I recall when my husband was part of a softball league, I took my first son, who was less than 2 months old with me to watch one of his games. It was a beautiful afternoon and we had gotten to the field before my husband (he was coming from work and I was still on maternity leave) and so I had spread a blanket out while we were waiting. One of my husband’s teammates had arrived early and came by to say hello. He sat down and asked, “So how’re you doing?” I answered, “Oh, we went to see the doctor yesterday, and we’re doing well and now we’re learning how to hold our head up….”and my husband’s friend waited till I finished and then looked at me in the eye and said, “No, I mean, how are YOU doing?”. I was so caught off guard that I just stared at him and couldn’t really answer. I think, after what seemed like a lifetime, I mumbled out “Oh, I’m fine” and as he went off to start practicing I was left on the blanket stunned. My life was so filled with the constant care of my baby, the difficulties I had breastfeeding and just the general worries of being a new mother that I didn’t know how I was doing!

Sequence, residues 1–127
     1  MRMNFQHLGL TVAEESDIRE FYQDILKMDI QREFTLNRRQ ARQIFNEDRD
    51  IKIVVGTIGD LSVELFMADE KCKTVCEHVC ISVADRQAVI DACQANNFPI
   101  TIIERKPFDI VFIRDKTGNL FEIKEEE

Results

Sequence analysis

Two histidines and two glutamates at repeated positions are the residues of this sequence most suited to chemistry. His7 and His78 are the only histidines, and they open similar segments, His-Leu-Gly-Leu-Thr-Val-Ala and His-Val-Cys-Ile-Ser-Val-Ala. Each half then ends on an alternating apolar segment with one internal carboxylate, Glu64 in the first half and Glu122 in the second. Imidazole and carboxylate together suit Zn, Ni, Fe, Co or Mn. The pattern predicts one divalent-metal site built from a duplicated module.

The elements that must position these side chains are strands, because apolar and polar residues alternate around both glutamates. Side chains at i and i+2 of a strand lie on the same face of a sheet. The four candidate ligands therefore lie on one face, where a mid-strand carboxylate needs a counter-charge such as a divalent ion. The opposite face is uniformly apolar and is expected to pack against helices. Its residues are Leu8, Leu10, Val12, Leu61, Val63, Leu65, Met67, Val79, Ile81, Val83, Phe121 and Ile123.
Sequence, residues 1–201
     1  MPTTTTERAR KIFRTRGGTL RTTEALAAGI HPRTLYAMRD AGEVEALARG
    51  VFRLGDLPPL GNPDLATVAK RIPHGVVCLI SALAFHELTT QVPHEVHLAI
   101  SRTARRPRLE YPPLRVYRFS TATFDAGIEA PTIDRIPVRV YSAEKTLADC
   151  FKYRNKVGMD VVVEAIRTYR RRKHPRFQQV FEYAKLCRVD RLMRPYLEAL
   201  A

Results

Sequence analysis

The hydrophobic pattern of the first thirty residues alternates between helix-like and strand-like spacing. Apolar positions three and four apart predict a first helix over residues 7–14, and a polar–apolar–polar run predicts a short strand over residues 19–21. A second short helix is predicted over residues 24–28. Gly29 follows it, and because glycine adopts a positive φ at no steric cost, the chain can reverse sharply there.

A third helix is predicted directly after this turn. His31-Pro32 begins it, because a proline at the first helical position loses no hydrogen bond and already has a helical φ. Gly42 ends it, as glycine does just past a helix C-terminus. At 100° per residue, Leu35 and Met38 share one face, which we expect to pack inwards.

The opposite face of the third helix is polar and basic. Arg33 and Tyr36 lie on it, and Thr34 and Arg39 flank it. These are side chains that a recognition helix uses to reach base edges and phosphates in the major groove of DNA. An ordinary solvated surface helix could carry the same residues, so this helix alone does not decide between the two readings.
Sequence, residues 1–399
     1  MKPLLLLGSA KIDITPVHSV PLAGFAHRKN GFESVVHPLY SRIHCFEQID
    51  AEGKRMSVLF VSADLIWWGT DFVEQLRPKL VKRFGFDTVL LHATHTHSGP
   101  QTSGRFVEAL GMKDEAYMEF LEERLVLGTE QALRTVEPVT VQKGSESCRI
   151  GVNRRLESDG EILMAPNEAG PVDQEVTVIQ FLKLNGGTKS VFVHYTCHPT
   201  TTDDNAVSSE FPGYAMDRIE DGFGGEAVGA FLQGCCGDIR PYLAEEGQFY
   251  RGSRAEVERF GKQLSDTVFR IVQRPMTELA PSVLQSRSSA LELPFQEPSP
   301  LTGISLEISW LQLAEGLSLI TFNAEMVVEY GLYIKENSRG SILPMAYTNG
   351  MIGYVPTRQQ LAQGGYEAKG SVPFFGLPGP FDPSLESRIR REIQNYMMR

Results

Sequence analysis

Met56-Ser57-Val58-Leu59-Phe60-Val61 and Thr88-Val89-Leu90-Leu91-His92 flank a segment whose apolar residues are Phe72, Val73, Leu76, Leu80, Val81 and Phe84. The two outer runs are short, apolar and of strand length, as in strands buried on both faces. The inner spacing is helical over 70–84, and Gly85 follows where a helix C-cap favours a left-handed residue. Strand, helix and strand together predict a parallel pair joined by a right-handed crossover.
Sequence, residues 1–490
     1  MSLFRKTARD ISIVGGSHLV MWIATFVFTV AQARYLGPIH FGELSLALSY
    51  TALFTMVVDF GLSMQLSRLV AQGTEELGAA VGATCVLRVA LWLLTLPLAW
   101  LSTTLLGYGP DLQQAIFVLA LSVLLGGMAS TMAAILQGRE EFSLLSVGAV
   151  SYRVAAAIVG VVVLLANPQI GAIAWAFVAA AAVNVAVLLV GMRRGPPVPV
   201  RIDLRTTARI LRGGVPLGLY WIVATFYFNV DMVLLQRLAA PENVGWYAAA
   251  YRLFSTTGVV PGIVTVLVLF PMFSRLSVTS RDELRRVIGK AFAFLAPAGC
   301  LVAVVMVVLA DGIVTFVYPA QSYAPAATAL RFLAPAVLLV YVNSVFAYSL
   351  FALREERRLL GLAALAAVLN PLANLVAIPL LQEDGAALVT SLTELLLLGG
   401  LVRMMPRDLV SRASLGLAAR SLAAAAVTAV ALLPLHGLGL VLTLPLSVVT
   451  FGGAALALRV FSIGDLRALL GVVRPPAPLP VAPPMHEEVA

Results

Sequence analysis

In the days that followed, I thought about that question and I realized I was feeling overwhelmed, frustrated, alone, unaccomplished and oh so TIRED!!! There were times I felt like the worst mother in the world because I wanted to just shut the door to my son’s room when I couldn’t get him to stop crying. I just wanted some time to go to the store alone or take a nap without being jarred awake with him needing something else from me. I needed help, but I didn’t want to ask for it because I thought others would think of me as weak or incompetent.
By the time I had my second son, I had started to learn 2 valuable lessons. Despite what others might think or my own pride, 1) I learned to ask for help and 2) I allowed other people to help me. When we would go to a gathering or to church and someone asked to hold the baby, off he went! When my Mom offered to come cook for us, out came the welcome mat!
I love when I am able to offer my help to someone who is in need; when I can offer an encouraging word or make their life easier somehow; and I love it when they let me, because it gives me joy. It takes humility to ask for help, but it also takes humility to accept it. Think of it this way: it is actually an act of arrogance denying someone else the pleasure of blessing us with their help. In a way you’re saying, “My help is valuable, but yours is not.”
I know those of you reading this are a blessing to your family and friends, and you enjoy helping others in need. I continue to challenge us to graciously and humbly accept the blessing of others. I also want to take this opportunity to thank those of you who have helped me and my family all these years; you know who you are. You are a gift to me.
Leave a comment; I’d love to hear about your experiences. Have a blessed weekend!
-Tessa L. Charles
-Tessa L. Charles